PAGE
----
SACRAMENTO, Calif./PRINCETON, N.J. (Reuters) – Voters in competitive congressional districts in New Jersey and California will go to the polls on Tuesday to choose candidates in primary elections that will shape the fight to control the U.S. Congress during the era of President Donald Trump.
Democrats need to win 23 seats nationwide in November to wrest control of the U.S. House of Representatives from Republicans, and California is seen as key to taking a majority. Voters in eight states will vote in primaries on Tuesday.
In California, Democrats have targeted 10 of the 14 seats held by Republicans. Tuesday’s contests will determine whether Democratic candidates in the swing districts are moderate or progressive.
“What’s going to be the profile of these Democrats from Republican districts?” said Mark Baldassare, president of the nonpartisan Public Policy Institute of California. “Will they get somebody who says they want single payer healthcare, or will they talk about economic mobility?”
Democrats may be shut out of some races altogether. The state’s so-called jungle primary system allows the two highest vote-getters to advance to the general election, regardless of party.
The battle for the top spots is particularly dramatic in the 48th Congressional District, where voters chose Democrat Hillary Clinton over Republican Trump in the 2016 presidential election but re-elected longtime Republican Representative Dana Rohrabacher.
So many Democrats are vying to challenge Rohrabacher that there is a chance they will divide their party’s vote, setting up a general election fight between the incumbent and a leading Republican opponent, Scott Baugh.
In California’s gubernatorial primary, Democratic Lieutenant Governor Gavin Newsom is considered the front-runner in a 27-candidate race for an open seat.
If Republican John Cox wins the second spot on the ballot, his presence in the race could spur Republican turnout in November and possibly improve the party’s chances in congressional races.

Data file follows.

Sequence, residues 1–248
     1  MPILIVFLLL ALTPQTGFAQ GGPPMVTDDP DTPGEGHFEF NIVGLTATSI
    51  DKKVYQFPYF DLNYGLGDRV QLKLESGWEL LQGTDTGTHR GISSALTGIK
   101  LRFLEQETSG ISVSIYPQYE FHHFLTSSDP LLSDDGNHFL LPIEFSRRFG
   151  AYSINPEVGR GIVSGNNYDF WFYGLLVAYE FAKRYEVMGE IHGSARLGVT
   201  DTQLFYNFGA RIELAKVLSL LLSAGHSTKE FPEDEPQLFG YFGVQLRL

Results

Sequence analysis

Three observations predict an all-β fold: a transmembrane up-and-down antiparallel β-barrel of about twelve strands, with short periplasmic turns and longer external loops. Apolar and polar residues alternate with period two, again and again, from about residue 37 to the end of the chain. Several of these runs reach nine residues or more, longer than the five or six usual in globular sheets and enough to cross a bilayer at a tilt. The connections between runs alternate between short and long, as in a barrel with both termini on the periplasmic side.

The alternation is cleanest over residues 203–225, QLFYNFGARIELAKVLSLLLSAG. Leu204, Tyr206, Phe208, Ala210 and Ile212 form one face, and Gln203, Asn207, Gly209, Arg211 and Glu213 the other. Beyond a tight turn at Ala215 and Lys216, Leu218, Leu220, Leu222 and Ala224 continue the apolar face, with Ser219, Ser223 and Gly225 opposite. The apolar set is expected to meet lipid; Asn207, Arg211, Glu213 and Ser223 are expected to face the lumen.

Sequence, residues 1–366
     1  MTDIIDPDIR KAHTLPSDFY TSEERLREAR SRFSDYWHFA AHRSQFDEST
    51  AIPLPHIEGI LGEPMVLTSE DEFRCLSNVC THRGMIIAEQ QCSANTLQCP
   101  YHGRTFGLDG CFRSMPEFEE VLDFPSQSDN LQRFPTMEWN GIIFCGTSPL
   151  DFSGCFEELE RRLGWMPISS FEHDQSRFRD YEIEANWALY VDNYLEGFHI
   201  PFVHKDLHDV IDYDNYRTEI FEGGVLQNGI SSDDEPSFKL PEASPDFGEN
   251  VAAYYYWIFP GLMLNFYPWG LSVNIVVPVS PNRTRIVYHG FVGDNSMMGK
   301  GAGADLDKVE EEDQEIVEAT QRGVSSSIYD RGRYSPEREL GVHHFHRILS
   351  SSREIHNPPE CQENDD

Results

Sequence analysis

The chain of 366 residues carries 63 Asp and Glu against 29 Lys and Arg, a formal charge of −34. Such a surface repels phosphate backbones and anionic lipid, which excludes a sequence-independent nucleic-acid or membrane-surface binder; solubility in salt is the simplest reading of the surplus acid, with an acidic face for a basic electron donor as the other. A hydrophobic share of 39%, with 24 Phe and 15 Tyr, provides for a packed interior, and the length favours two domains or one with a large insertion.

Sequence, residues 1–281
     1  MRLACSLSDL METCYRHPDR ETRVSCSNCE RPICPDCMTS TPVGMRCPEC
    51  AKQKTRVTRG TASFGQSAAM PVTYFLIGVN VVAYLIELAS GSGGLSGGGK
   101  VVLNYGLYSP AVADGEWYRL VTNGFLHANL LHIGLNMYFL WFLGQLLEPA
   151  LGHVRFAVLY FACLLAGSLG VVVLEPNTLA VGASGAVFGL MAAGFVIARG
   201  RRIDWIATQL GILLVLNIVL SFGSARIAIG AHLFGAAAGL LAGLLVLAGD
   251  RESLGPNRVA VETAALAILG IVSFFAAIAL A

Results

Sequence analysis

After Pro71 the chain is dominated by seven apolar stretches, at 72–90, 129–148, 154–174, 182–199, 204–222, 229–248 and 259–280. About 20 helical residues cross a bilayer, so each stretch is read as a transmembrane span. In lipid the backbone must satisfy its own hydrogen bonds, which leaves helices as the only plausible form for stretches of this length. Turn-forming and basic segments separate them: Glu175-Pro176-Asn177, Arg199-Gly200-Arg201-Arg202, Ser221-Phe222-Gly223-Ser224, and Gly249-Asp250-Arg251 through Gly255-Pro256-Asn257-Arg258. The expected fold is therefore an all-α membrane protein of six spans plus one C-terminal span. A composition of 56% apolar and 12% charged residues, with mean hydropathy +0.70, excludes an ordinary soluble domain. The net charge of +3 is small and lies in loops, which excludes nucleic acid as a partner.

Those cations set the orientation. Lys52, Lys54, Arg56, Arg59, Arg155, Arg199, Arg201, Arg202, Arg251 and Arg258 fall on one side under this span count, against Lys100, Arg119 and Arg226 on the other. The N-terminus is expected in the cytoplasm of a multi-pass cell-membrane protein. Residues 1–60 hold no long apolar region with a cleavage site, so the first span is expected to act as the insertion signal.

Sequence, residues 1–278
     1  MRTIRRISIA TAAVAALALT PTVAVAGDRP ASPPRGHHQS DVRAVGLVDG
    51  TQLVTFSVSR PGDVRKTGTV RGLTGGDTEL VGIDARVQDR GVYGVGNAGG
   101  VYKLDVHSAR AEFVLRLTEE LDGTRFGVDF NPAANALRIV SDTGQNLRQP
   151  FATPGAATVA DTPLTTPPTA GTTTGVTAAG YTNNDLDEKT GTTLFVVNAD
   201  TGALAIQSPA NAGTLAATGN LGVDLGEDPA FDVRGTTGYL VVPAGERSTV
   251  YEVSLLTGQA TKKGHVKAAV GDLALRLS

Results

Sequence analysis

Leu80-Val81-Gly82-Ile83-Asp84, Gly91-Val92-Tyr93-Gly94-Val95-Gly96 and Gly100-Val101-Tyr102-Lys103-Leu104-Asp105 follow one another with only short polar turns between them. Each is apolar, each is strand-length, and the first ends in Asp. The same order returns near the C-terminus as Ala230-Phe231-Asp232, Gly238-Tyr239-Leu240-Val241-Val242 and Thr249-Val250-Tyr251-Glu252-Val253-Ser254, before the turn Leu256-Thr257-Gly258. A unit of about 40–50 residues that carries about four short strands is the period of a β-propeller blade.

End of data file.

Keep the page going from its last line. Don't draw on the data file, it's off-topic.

Trump in a series of Tuesday tweets backed Republican candidates.
“In High Tax, High Crime California, be sure to get out and vote for Republican John Cox for Governor. He will make a BIG difference!” Trump tweeted.
But if Democrat Antonio Villaraigosa, a former mayor of Los Angeles, makes the final cut, Republican leaders worry more of their voters will stay home in November, giving Democrats a better chance to flip some seats.
After California, perhaps no state is more crucial to Democratic hopes of taking back the House than New Jersey. All but one of its five Republican-held House seats are considered competitive and anger at Trump may be particularly potent in the state’s many suburbs.
The retirements of longtime Republican congressmen Rodney Frelinghuysen and Frank LoBiondo have put two reliably Republican districts in the Democrats’ crosshairs.
“I don’t think the Democrats can take the House without New Jersey,” said Brigid Harrison, a political science professor at Montclair State University.
Healthcare has taken center stage in Iowa’s gubernatorial race, where Democratic challengers have criticized Republican Governor Kim Reynolds for supporting the state’s privatization of Medicaid.
Voters on Tuesday also will choose candidates in primaries in Mississippi, Alabama, Montana, South Dakota and New Mexico.
Reporting by Sharon Bernstein in Sacramento, California, and Joseph Ax in Princeton, New Jersey; Editing by Matthew Lewis and Cynthia Osterman